Ultimately, the court voted 4-1 to not take action on the application for the historical explanatory marker.
Precinct 1 Commissioner Terry Cook first moved that the court support the application for the plaque while letting the statue remain and was eventually the only vote in support of the application.
"I have no confidence that a plaque in it of itself will sufficiently tell the broad background of our environment," Cook said. "I am fine with the statue staying there, but in it of itself and by itself, it really looks around and says, 'Remember these laws were written by whites, for whites, come on in the courthouse.' ... I will not use that side of the courthouse in any pictures that I use of the courthouse. ... I am all for trying to enlarge the picture and trying to educate how blacks felt, how Hispanics might feel today."
Cook also pointed out that should the Texas Historical Commission provide a plaque that the commissioners do not agree is accurate, the court would not have to install it.
County Judge Dan Gattis said he worries a plaque may be more divisive.
"I'm really torn and on both sides, and on my vote on this; I'm asking to not be completely judged, because I don't know the right solution," Gattis said.
Evolution of the debate
Opponents who have previously spoken in opposition of a plaque have said the statue depicting a Confederate soldier and engravings of Confederate States of America flags and logos honors the heritage and history of the Williamson County community and does not need any additions.
Supporters say a plaque would provide important context about the Civil War and its meaning in American history.
The statue first attracted media and public attention in 2015 when the San Gabriel Unitarian Universalist Fellowship in Georgetown circulated a petition asking county commissioners to move the monument to another location in the city, such as the International Order of Odd Fellows Cemetery or the Williamson Museum.
The petition was started in response to the Charleston Church Shooting in South Carolina in which gunman Dylann Roof, a 21-year-old white supremacist, killed nine churchgoers at the Emanuel African Methodist Episcopal Church. The shooting led to movements across the country calling for barring the Confederate flag and monuments from public property.
At Tuesday’s Commissioners Court meeting the topic of debate abutted an important deadline on Wednesday, after which the Texas Historical Commission no longer will accept applications for 2018 historical markers.
Last year commissioners met on the same topic on Nov. 15, the day of the state deadline, and took no action on the application, saying they did not want to make a decision on such a tight timeline.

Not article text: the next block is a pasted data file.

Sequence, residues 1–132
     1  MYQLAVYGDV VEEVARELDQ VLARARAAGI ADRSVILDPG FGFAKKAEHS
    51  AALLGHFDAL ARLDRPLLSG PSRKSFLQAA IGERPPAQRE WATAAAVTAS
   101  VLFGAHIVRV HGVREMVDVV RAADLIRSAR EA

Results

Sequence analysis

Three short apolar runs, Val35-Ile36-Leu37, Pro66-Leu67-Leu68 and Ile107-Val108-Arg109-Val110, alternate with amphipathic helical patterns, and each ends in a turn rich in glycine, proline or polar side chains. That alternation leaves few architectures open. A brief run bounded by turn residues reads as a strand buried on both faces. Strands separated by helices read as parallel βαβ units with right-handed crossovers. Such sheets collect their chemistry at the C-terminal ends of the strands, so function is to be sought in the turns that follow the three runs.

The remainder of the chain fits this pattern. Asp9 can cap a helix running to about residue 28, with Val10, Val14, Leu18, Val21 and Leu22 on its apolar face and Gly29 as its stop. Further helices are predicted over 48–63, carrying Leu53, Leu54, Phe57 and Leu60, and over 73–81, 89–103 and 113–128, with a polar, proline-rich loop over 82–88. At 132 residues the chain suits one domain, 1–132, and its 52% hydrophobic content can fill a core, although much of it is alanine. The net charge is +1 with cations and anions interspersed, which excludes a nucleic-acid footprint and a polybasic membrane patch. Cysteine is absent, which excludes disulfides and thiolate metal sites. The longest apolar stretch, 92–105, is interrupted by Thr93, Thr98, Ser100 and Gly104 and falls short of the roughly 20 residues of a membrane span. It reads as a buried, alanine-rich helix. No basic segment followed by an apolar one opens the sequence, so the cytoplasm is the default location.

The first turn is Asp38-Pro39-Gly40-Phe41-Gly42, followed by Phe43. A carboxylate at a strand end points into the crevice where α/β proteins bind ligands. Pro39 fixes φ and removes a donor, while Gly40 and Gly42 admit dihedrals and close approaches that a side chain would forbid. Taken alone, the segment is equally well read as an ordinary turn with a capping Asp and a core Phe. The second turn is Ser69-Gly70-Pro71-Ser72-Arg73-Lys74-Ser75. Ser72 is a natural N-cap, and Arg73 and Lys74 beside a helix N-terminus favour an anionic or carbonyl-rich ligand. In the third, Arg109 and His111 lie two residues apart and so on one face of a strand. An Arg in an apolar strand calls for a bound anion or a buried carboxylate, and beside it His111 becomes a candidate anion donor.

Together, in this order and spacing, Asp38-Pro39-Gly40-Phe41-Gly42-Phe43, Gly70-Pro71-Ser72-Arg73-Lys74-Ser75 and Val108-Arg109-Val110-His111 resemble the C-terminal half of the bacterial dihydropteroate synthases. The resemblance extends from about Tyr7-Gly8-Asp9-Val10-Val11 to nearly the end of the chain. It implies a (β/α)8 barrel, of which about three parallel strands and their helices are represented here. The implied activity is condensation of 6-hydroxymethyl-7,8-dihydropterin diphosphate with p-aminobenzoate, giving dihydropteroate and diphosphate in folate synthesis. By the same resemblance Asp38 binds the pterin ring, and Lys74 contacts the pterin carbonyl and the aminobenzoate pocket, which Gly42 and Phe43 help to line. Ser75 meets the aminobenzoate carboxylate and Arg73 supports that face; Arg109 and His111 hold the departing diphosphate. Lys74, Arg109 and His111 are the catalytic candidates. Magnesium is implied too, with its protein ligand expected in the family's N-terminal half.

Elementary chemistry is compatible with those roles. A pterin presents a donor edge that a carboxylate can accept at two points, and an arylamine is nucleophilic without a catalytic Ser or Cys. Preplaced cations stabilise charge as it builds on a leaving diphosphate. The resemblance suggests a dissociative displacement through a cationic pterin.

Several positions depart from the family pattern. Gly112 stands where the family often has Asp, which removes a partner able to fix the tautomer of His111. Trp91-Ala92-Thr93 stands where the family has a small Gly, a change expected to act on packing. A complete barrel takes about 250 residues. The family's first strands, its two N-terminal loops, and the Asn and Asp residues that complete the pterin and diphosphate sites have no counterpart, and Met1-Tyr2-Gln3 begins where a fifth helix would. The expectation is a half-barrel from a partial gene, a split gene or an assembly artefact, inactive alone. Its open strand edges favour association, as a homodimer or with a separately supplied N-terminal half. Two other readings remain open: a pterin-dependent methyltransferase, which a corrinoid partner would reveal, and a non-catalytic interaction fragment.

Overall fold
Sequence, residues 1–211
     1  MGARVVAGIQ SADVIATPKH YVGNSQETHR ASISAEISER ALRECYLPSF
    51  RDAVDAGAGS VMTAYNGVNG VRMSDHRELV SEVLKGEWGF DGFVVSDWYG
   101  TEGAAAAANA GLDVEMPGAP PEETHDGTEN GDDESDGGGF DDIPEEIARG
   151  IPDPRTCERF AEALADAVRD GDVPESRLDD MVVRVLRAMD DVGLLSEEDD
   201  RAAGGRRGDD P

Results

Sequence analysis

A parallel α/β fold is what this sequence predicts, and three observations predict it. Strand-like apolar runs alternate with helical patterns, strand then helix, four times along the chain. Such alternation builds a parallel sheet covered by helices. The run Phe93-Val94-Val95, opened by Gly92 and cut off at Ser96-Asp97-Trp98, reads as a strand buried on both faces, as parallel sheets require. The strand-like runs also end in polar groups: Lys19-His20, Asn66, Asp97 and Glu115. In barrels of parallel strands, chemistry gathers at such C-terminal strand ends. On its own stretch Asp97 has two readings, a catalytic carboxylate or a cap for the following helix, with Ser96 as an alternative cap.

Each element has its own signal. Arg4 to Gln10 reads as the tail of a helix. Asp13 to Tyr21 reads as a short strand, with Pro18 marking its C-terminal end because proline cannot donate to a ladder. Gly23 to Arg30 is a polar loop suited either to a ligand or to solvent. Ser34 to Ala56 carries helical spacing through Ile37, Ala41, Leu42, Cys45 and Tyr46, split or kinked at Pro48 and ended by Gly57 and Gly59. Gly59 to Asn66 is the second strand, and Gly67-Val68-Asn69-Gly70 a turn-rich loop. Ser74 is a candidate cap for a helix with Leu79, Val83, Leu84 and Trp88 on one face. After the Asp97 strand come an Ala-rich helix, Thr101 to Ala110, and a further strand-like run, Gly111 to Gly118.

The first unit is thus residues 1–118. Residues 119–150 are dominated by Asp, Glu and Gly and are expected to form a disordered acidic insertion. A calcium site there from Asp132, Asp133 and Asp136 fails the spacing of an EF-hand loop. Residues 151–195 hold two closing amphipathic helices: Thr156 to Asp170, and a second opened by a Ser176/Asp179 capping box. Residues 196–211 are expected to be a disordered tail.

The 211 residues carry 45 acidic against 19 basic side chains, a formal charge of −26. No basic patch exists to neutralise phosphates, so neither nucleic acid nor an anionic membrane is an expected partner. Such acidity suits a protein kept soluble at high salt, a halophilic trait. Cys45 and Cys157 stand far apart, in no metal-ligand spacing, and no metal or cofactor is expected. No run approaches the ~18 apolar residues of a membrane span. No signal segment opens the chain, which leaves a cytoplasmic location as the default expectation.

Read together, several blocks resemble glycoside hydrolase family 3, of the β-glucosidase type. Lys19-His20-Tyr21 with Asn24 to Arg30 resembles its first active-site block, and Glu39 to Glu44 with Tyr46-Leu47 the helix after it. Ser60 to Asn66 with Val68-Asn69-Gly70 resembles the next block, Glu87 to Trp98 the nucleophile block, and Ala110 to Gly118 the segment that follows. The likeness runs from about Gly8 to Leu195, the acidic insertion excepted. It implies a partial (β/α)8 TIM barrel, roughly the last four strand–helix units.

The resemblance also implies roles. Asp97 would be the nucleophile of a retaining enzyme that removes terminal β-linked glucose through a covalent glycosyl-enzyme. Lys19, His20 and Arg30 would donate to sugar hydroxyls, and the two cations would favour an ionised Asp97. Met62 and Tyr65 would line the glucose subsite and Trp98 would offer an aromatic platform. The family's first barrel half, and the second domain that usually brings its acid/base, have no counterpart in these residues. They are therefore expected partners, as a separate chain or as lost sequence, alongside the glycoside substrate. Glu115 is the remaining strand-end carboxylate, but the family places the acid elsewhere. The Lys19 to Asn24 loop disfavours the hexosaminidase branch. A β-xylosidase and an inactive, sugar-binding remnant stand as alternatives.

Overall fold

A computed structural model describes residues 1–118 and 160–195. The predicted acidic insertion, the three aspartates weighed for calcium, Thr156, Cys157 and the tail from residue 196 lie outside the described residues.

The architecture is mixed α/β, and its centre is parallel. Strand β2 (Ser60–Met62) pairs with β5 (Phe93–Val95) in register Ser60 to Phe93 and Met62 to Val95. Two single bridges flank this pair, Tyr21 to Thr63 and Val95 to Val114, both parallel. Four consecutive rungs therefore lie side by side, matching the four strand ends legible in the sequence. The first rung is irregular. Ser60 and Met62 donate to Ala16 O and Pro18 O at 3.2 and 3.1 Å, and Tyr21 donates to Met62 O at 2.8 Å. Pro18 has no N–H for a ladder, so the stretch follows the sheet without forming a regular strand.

The proposed historic marker
Proposed potential text for the marker, as included in the application could read:
“Our understanding of history changes over time. Civil War monuments remain important reminders of how history can be influenced by false ideas and misconceptions. This monument was created to recognize the dedication and sacrifice of Americans who fought to establish the Confederate slave-holding republic. Yet this monument must now remind us that their loss actually meant liberty, justice, and freedom for millions of people—a legacy that continues for all of us today.”
The group sponsoring the application, Courageous Conversations GTX, describes itself as an interracial, multicultural and multiethnic group of individuals from various faith communities. The group's application states the prominent location of the monument works against the destruction of "racial discrimination and segregation."
Reverend Lou Snead of SGUUF with Courageous Conversations GTX said the organization is willing to pay for the historic marker.
CJ Jackson, a Georgetown resident and supporter of the plaque, said she grew up in a military family and believes herself to be a patriotic person. She said she learned the value of truth in her military upbringing, which makes the plaque that much more important.
"I was raised by Uncle Sam," Jackson said. "When I think about having a plaque or something that reflects the other perspective, that is telling the truth of the whole story."
Opponents who spoke in the public comment period at the meeting said they were against placing a plaque nearby the statue because it would vandalize the artwork that currently existed.
Shelby K. Little, a representative of the Williamson County Grays—a chapter of the national organization Sons of Confederate Veterans, called the proposed explanatory text an "interpretive marker."
Another speaker opposing the plaque suggested placing a similar-sized statue honoring leaders of the African-American Civil Rights movement nearby the Confederate monument in front of the courthouse.
Madsen said he supported this idea and would like to explore it further.
Following the decision, Snead said his group will work to engage in conversations with the court and decide how to move forward. He said he wants to examine alternatives to the plaque, but that another statue also presents challenges.
"For us, it is like separate but equal statues," Snead said. "We got rid of white and colored restrooms in this courthouse in the '60s."
During the debate, commissioners Cook and Madsen and Gattis said they would not support the removal of the statue.
Read the group's full application to include an explanatory plaque here.